A novel cable-driven robotic training improves locomotor function in individuals post-stroke.

Ming Wu*, Jill M. Landry, Sheng Che Yen, Brian D. Schmit, T. George Hornby, Miriam Rafferty

*Corresponding author for this work

Research output: Contribution to journalArticlepeer-review

Abstract

A novel cable-driven robotic gait training system has been tested to improve the locomotor function in individuals post stroke. Seven subjects with chronic stroke were recruited to participate in this 6 weeks robot-assisted treadmill training paradigm. A controlled assistance force was applied to the paretic leg at the ankle through a cable-driven robotic system. The force was applied from late stance to mid-swing during treadmill training. Body weight support was provided as necessary to prevent knee buckling or toe drag. Subjects were trained 3 times a week for 6 weeks. Overground gait speed, 6 minute walking distance, and balance were evaluated at pre, post 6 weeks robotic training, and at 8 weeks follow up. Significant improvements in gait speed and 6 minute walking distance were obtained following robotic treadmill training through a cable-driven robotic system. Results from this study indicate that it is feasible to improve the locomotor function in individuals post stroke through a flexible cable-driven robot.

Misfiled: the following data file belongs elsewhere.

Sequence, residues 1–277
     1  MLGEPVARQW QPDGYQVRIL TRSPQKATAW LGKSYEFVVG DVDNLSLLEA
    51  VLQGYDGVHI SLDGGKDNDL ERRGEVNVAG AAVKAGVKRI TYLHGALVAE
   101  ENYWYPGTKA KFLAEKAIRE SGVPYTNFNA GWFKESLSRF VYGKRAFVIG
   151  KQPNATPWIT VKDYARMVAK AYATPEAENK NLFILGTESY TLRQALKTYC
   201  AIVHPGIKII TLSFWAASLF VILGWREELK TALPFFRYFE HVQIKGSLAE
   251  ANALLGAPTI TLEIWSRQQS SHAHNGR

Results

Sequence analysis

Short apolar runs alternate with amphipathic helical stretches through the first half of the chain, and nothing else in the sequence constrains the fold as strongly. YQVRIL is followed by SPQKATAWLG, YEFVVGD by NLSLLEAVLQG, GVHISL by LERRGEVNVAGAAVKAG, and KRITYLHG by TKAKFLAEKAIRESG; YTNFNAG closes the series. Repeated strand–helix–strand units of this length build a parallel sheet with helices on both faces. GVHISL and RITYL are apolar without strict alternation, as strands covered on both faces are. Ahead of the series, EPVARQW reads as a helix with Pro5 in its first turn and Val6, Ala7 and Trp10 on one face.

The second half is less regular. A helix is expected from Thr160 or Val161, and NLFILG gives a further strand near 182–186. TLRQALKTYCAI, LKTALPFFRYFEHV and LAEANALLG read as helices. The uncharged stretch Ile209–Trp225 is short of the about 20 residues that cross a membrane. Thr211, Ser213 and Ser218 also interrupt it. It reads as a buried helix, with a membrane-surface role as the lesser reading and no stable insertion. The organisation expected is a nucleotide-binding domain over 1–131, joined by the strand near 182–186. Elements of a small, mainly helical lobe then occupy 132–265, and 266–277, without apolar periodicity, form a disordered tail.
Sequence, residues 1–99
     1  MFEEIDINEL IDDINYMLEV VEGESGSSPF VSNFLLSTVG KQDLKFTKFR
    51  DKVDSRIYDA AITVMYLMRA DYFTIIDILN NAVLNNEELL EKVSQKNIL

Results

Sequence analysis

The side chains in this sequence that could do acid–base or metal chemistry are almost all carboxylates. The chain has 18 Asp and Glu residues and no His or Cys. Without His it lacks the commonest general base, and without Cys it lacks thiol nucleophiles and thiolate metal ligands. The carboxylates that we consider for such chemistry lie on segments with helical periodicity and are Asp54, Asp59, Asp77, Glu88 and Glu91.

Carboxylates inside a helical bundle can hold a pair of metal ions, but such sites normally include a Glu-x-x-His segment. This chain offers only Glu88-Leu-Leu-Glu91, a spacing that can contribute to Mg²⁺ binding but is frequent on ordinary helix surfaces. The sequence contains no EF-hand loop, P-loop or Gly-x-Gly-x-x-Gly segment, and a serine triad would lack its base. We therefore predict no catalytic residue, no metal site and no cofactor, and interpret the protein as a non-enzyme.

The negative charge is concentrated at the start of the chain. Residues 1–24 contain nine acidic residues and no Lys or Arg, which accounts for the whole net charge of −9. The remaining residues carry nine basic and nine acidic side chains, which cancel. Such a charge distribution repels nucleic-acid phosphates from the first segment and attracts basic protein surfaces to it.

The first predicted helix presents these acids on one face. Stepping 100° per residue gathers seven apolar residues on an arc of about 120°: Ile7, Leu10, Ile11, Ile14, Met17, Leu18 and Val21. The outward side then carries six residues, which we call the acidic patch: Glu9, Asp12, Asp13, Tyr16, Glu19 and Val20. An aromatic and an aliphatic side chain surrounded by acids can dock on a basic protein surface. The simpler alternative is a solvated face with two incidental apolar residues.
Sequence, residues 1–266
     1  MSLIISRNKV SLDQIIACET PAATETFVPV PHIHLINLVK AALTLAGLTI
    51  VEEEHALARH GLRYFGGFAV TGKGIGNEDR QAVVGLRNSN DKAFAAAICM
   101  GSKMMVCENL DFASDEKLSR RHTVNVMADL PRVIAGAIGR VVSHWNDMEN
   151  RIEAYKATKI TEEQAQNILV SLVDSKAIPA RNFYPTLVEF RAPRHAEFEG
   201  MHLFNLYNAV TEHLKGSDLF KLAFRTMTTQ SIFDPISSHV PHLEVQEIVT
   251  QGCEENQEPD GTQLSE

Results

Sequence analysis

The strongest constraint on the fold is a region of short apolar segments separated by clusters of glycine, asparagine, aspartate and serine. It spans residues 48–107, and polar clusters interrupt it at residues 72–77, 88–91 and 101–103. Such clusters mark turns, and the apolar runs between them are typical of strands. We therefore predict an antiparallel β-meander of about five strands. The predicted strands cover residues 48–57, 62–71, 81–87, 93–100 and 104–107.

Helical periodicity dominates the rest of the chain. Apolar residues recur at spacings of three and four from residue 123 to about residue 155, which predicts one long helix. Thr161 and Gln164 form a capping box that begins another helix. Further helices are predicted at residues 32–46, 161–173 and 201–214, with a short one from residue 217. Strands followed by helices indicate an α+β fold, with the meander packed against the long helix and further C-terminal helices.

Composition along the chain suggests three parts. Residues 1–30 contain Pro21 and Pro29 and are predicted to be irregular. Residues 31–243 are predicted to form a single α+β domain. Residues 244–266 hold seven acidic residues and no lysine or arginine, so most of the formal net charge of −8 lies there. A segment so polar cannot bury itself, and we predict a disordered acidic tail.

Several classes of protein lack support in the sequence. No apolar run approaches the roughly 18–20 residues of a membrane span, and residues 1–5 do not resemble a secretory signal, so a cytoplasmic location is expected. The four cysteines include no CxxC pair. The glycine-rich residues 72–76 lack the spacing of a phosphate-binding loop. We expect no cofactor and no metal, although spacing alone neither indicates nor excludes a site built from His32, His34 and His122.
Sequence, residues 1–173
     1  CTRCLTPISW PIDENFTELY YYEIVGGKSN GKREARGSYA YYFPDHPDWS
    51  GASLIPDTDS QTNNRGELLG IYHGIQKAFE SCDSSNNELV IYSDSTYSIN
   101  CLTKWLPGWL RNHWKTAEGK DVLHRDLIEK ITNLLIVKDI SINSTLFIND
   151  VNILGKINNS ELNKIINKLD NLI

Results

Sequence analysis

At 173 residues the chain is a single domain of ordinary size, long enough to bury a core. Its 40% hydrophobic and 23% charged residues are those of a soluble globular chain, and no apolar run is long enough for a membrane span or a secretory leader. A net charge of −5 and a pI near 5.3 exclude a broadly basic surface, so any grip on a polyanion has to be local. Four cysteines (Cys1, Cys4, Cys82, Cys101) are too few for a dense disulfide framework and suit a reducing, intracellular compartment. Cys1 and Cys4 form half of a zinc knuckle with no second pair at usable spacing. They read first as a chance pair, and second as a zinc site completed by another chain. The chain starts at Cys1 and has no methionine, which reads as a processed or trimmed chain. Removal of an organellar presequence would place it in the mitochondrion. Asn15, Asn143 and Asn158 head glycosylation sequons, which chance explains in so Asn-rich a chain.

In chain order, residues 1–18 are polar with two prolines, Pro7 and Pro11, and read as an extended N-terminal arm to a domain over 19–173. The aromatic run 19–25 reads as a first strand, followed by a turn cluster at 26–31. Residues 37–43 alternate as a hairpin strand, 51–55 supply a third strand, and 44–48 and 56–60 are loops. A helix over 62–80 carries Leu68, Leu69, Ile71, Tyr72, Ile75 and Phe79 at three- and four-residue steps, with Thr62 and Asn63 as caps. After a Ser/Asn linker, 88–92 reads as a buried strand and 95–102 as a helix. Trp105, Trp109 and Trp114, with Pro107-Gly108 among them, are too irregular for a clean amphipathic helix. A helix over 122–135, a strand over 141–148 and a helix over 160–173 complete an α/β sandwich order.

ASJC Scopus subject areas

  • Signal Processing
  • Biomedical Engineering
  • Computer Vision and Pattern Recognition
  • Health Informatics

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